Boris Johnson’s Conservative Party was criticized for misleading British voters on Tuesday night, after one of its political Twitter accounts masqueraded as a fact-checking service during an election debate.
During the first TV debate ahead of the Dec. 12 election, between Johnson and the opposition Labour Party leader Jeremy Corbyn, the Conservative account @CCHQPress changed its display name to “factcheckUK” and replaced its logo. The account, which has around 75,000 followers, changed its display name back after the debate.
Twitter criticized the Conservative Party for the move, but stopped short of banning the account or removing its blue “verified” tick, which signals that the account is who it says.
“Any further attempts to mislead people by editing verified profile information – in a manner seen during the U.K. Election Debate – will result in decisive corrective action,” Twitter said in a statement.
They added, “Twitter is committed to facilitating healthy debate throughout the U.K. general election. We have global rules in place that prohibit behavior that can mislead people, including those with verified accounts.”
A Twitter spokesperson refused to detail to TIME what kind of “corrective action” was under consideration.
During the debate, the rebranded “factcheckUK” account shared tweets attacking the Labour Party — some preceded by the word “FACT” — and retweeted Conservative cabinet ministers.
One tweet said Labour would spend £1.2 trillion ($1.6 trillion) if elected in December. But Full Fact, an actual fact-checking organization, debunked that claim. “Many of the figures behind this estimate are uncertain or based on flawed assumptions,” Full Fact said, adding that the Labour manifesto had not yet been released.
Full Fact also criticized the Conservatives for the misleading rebrand. “It is inappropriate and misleading for the Conservative press office to rename their twitter account ‘factcheckUK’ during this debate. Please do not mistake it for an independent fact checking service,” they tweeted.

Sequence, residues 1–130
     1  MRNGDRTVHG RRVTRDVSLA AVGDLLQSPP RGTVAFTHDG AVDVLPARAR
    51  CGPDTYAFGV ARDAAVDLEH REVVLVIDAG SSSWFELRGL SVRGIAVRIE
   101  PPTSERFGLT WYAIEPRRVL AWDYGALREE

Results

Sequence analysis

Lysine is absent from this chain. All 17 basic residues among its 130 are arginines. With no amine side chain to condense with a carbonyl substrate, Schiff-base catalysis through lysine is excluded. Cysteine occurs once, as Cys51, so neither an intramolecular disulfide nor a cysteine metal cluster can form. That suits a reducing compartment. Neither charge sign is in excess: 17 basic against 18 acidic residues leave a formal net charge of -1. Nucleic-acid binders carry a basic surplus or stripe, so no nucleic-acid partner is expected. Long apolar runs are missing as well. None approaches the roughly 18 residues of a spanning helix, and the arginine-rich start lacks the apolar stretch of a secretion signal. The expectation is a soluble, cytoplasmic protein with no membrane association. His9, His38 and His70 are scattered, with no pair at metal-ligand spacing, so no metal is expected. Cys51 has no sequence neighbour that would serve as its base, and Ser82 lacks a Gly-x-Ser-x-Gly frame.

On Wednesday, the U.K.’s Electoral Commission issued a veiled statement criticizing the Conservatives for the deception. “Voters are entitled to transparency and integrity from campaigners,” it said. “We repeat our call to all campaigners to undertake their vital role responsibly and to support campaigning transparency.” (The Electoral Commission regulates campaign spending, not the content of political campaigns.)
The move prompted swift condemnation from Labour politicians, too. “Twitter should ban @CCHQPress from their site,” tweeted lawmaker David Lammy. “It’s not a fact check service, it’s a disinformation machine that would make Vladimir Putin blush.”
The E.U.’s Brexit coordinator, Guy Verhofstadt, also called the move “dystopian.” “Not even [Hungarian Prime Minister Viktor] Orban or the Polish [ruling party] PiS would dream this up, let alone do it,” he added.
Amid the condemnation, the Conservative Foreign Secretary Dominic Raab appeared on TV on Wednesday morning to defend the CCHQ Press team. “No one gives a toss about the social media cut and thrust,” he told BBC Breakfast.
- The Fight to Save the Salmon
- Inside the World of Black Bitcoin, Where Crypto Is About Making More Than Just Money
- The 'Great Resignation' Is Finally Getting Companies to Take Burnout Seriously. Is It Enough?
- Suddenly, Everyone on TV Is Very Rich or Very Poor. What Happened?
- Colin Powell Reflects on His Mistakes in Unpublished TIME Interview
- Business Travel's Demise Could Have Far-Reaching Consequences
- If the U.S. Spends Big on Climate, the Rest of the World Might Follow